Artificial-heart patient William J. Schroeder suffered a brain hemorrhage today and was readmitted to intensive care at Humana Hospital Audubon where his condition was reported as critical but stable.
The cause of the hemorrhage is unknown, hospital spokesman Robert Irvine said. Asked if it is life-threatening, he said: "At this point, they are trying to determine just what the situation is." A further briefing is scheduled Tuesday morning.
Schroeder, 53, of Jasper, Ind., who had grown increasingly weak and listless in the last few days, was returned to the hospital this afternoon from the apartment across the street where he has lived for one month. He is the first artificial-heart recipient to be released from a hospital.
Officials said the hemorrhaging was discovered when a computerized axial tomography, or CAT, scan was made of Schroeder's head. Further tests are planned to see if he suffered neurological damage, Irvine said.
Doctors have discontinued blood-thinning drugs being given Schroeder to prevent recurrence of a stroke such as that which disabled him Dec. 13, hospital spokesman Donna Hazle said.
There were conflicting reports as to how much difficulty Schroeder had in speaking and moving after the hemorrhage. He has experienced such difficulty since the stroke.
Schroeder began growing weaker Thursday, when his wife, Margaret, "noticed a change" in his physical condition, Hazle said. Hazle was unable to elaborate on that change.
Since Schroeder's stroke, he has been plagued by an undisclosed number of seizures, in which he stares blankly for several minutes, followed by periods of weakness and extreme drowsiness. In the past, Schroeder has undergone CAT scans to check for evidence of strokes.
Schroeder received a blood transfusion last weekend to fight anemia -- a known side effect of the pumping action of the mechanical device.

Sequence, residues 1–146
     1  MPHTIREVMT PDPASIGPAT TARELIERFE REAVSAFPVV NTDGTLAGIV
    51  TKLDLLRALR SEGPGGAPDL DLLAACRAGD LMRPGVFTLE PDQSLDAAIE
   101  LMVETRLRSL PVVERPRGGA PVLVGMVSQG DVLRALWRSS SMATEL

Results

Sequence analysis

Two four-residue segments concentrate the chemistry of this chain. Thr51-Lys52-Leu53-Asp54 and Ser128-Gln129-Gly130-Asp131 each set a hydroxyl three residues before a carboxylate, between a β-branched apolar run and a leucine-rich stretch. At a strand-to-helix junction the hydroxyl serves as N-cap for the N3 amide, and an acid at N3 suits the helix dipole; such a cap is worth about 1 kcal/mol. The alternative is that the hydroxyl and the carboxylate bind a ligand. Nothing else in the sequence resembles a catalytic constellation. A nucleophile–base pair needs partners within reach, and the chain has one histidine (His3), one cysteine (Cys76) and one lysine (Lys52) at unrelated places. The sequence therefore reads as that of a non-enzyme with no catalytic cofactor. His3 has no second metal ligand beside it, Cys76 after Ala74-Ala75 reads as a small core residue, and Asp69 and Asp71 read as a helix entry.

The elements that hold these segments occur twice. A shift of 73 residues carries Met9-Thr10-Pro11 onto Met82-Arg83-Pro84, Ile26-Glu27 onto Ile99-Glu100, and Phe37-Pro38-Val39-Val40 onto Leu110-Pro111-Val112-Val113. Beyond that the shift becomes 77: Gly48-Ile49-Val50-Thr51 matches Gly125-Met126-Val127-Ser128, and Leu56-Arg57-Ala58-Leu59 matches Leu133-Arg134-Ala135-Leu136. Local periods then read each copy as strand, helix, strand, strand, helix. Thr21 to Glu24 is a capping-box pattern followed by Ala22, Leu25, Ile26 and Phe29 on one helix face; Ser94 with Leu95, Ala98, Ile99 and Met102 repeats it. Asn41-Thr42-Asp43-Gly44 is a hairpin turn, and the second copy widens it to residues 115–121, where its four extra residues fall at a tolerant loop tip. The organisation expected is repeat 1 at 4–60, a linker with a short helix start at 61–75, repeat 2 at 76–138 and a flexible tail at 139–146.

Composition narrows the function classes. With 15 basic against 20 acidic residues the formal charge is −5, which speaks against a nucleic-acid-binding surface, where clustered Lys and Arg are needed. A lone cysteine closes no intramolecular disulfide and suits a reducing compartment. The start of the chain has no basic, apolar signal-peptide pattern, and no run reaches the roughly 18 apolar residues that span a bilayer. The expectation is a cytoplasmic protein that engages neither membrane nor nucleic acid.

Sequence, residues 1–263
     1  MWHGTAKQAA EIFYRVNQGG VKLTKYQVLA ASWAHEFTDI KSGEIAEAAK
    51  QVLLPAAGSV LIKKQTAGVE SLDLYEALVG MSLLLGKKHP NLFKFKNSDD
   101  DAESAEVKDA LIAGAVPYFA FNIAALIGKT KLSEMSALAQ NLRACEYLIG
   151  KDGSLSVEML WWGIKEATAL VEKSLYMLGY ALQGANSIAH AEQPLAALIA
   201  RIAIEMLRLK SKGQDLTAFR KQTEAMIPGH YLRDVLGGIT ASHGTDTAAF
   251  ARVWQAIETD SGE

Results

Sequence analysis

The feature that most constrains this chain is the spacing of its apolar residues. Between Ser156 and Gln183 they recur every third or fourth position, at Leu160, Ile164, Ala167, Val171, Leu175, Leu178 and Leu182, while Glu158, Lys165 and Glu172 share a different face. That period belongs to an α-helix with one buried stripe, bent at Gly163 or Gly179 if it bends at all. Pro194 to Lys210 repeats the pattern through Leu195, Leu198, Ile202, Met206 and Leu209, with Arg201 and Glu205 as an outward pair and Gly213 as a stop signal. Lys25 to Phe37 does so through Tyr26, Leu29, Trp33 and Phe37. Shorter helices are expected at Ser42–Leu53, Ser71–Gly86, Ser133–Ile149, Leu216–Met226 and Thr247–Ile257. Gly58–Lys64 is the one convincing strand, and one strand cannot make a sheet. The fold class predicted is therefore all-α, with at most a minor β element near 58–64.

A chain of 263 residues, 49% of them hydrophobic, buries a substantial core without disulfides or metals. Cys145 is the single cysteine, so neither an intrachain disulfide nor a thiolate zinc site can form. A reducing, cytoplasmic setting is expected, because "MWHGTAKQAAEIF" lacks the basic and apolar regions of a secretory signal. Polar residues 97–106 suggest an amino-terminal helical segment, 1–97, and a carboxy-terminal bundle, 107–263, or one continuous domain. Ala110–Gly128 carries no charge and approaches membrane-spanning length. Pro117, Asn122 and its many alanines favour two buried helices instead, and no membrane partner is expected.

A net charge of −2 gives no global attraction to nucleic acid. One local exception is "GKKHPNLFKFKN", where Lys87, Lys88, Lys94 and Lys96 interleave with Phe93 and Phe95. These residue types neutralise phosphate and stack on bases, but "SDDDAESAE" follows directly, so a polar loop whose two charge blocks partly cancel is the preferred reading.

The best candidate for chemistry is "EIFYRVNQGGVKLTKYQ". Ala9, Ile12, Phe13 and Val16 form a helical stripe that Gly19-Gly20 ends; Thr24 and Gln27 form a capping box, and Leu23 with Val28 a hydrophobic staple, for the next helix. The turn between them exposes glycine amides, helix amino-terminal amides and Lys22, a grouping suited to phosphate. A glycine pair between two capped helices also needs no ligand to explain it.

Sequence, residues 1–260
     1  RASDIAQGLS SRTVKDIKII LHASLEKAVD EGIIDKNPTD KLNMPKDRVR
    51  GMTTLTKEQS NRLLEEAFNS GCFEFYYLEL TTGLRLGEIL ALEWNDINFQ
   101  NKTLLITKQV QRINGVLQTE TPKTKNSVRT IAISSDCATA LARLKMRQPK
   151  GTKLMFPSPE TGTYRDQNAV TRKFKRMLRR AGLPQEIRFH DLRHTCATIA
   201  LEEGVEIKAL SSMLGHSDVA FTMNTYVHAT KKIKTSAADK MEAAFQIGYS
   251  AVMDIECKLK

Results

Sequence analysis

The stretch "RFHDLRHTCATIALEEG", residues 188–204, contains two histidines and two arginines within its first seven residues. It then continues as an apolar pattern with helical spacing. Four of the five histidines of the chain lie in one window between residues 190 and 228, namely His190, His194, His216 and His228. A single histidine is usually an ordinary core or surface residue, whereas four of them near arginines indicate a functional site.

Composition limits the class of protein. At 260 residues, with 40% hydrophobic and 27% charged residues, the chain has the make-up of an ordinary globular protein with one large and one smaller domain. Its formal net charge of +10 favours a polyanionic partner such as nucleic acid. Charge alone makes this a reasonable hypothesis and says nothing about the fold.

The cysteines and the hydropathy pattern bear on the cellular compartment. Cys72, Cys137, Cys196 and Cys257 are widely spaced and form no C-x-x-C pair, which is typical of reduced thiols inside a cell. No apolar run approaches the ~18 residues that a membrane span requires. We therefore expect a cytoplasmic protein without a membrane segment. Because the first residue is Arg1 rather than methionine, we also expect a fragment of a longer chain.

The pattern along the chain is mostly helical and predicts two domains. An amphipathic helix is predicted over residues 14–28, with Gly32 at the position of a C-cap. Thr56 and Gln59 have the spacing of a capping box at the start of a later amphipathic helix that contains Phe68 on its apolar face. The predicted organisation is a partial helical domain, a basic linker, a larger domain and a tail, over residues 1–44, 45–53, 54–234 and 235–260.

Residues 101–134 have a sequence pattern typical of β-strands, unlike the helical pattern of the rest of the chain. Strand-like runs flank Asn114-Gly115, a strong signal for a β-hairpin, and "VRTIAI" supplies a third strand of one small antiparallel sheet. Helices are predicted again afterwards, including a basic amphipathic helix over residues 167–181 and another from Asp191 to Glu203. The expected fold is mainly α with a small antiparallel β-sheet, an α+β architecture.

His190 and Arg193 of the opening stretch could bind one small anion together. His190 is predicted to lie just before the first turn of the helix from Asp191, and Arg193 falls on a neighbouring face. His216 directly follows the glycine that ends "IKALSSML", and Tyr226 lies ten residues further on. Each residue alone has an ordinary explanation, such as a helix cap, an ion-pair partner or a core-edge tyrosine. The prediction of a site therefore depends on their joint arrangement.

As Schroeder suffers this latest in a long series of complications, there are indications that members of his family are beginning to change their view of Schroeder's desperate choice for an artificial heart.
The Schroeders originally looked to the artificial heart as a treatment "so he would be able to get better and come home," Mrs. Schroeder said in the current issue of Life magazine, which bought exclusive rights to their story.
But after the stroke and other setbacks left her husband unable to talk clearly, remember recent events or care for himself, she told the magazine: "I see it as more of a research experiment. The longer he lives, the more information doctors will get. Only for us, it's just so hard sometimes."
Only within the last couple of months has the family accepted the fact that "he'll never be the way he was," she said. "If he had anticipated the hardship that it has been on the family, he might not have done it," she added.
Schroeder's series of complications began within hours of his Nov. 25 implant. Dr. William C. DeVries had to reopen Schroeder's chest for a second operation to stop bleeding related to large amounts of anticoagulants administered to prevent a stroke.
After a surprisingly strong recovery, Schroeder suffered a massive stroke 18 days later. In January, after rebuilding some of his strength and ability to walk, Schroeder was felled by flu-like symptoms and a mysterious fever that lasted 2 1/2 weeks, leaving him so debilitated and depressed that one of his doctors worried that he might lose his will to live.
When Schroeder was discharged April 6, he was taken by wheelchair to a special van for the brief ride across the street to an apartment owned by the Humana Hospital company. The apartment is equipped with an alarm system and a round-the-clock nursing staff.